Celebrating the diversity of birds in the Uwharries

Nature & Birdwatching
Wednesday, May 22, 2019

Some birds fly thousands of miles to the pine stands and fields around Charlotte. So why not take a short drive to go see them?

The Three Rivers Land Trust held our eighth annual Uwharrie Naturalist Day on May 4, and hosted a birdwatching event on our Smith Branch Longleaf Preserve in Montgomery County. The land trust bought this 104-acre property, which houses some old growth and some restored longleaf pine forest, in 2017. The prior landowner had owned this tract for more than 25 years, and implemented restoration efforts including a rigorous prescribed burning regime.

That has created a utopia for wildlife and plants - and we were rewarded with a huge variety of intriguing birds.

Brian O’Shea, an expert birder and collections manager for ornithology at the N.C. Museum of Natural Sciences in Raleigh, led the event. He catalogued a bird list of 45 species from our morning walk, highlighting the great diversity of species this region supports.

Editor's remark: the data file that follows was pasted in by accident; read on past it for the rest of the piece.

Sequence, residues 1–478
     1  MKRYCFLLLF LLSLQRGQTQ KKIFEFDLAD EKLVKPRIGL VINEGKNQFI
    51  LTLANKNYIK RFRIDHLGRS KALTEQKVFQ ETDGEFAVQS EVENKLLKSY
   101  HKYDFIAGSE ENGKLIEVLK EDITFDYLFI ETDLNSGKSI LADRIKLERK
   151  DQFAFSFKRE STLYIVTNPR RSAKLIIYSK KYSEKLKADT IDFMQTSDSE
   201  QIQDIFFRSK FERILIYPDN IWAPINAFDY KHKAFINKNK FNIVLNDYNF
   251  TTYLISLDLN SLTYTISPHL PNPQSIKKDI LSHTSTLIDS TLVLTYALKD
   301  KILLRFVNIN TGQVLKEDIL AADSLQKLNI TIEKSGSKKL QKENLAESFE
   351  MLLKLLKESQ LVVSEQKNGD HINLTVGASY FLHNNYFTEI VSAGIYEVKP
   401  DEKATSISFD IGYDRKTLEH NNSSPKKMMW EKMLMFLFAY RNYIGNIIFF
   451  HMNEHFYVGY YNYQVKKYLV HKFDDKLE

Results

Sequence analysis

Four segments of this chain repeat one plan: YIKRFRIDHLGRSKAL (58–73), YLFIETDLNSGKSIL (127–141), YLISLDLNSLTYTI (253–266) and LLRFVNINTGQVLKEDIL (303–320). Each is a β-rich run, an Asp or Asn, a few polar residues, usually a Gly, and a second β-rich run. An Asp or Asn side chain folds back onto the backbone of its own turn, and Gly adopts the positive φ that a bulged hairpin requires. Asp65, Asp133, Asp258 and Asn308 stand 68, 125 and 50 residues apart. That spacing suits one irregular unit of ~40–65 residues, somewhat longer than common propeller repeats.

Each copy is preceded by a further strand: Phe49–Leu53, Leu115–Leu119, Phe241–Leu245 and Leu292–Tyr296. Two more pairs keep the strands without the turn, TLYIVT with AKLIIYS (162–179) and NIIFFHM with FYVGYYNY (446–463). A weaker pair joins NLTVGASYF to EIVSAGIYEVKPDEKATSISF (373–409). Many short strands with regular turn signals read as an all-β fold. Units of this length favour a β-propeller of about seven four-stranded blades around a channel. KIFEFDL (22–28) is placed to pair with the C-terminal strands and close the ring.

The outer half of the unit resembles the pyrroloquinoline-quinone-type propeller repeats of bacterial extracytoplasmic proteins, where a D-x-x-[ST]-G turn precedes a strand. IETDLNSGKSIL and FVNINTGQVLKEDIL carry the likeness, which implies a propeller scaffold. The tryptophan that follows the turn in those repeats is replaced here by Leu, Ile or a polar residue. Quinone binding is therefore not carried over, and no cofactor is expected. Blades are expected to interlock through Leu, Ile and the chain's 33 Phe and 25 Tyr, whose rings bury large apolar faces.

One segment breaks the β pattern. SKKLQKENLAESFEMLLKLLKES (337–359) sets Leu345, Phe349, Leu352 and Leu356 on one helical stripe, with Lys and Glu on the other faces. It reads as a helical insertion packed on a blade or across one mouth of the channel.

Most of these birds are neotropical migrants who fly thousands of miles from Central and South America to nest in our forests in the spring and summer, because we have longer hours of daylight than their tropical homes in which they can catch prey for their young.

The males are quite territorial, and flew in to investigate when we played their calls. The first bird we heard and called in was an orchard oriole. We saw both the male and the female. The male is orange and black and the female was a pale yellowish-green color.

Female orchard oriole. Photo: Crystal Cockman

The next bird we heard was a blue-gray gnatcatcher that came in to the call and let us get a good look at him, followed by an indigo bunting and a prairie warbler. A scarlet tanager came in to our call as well, then we crossed over the railroad track that bisects this preserve and spotted a blue grosbeak atop a longleaf pine.

A blue grosbeak. Photo: Crystal Cockman

We didn’t just encounter birds - reptiles are plentiful too. We found a garter snake that posed gracefully for us, flicking his tongue in and out, followed by a boxy turtle. 

Garter snake. Photo: Crystal Cockman

A white-eyed vireo came in to a call and as we were looking at him a ruby-throated hummingbird stopped briefly on a branch. We called to a black and white warbler a few times, but he wasn’t very interested.

This was our first year holding this event at the Smith Branch Longleaf Preserve, and we will likely go back again. We hope you also plan to find and celebrate some of the diverse species the natural lands around our region support.

Crystal Cockman serves as the Land Protection Director at the Three Rivers Land Trust.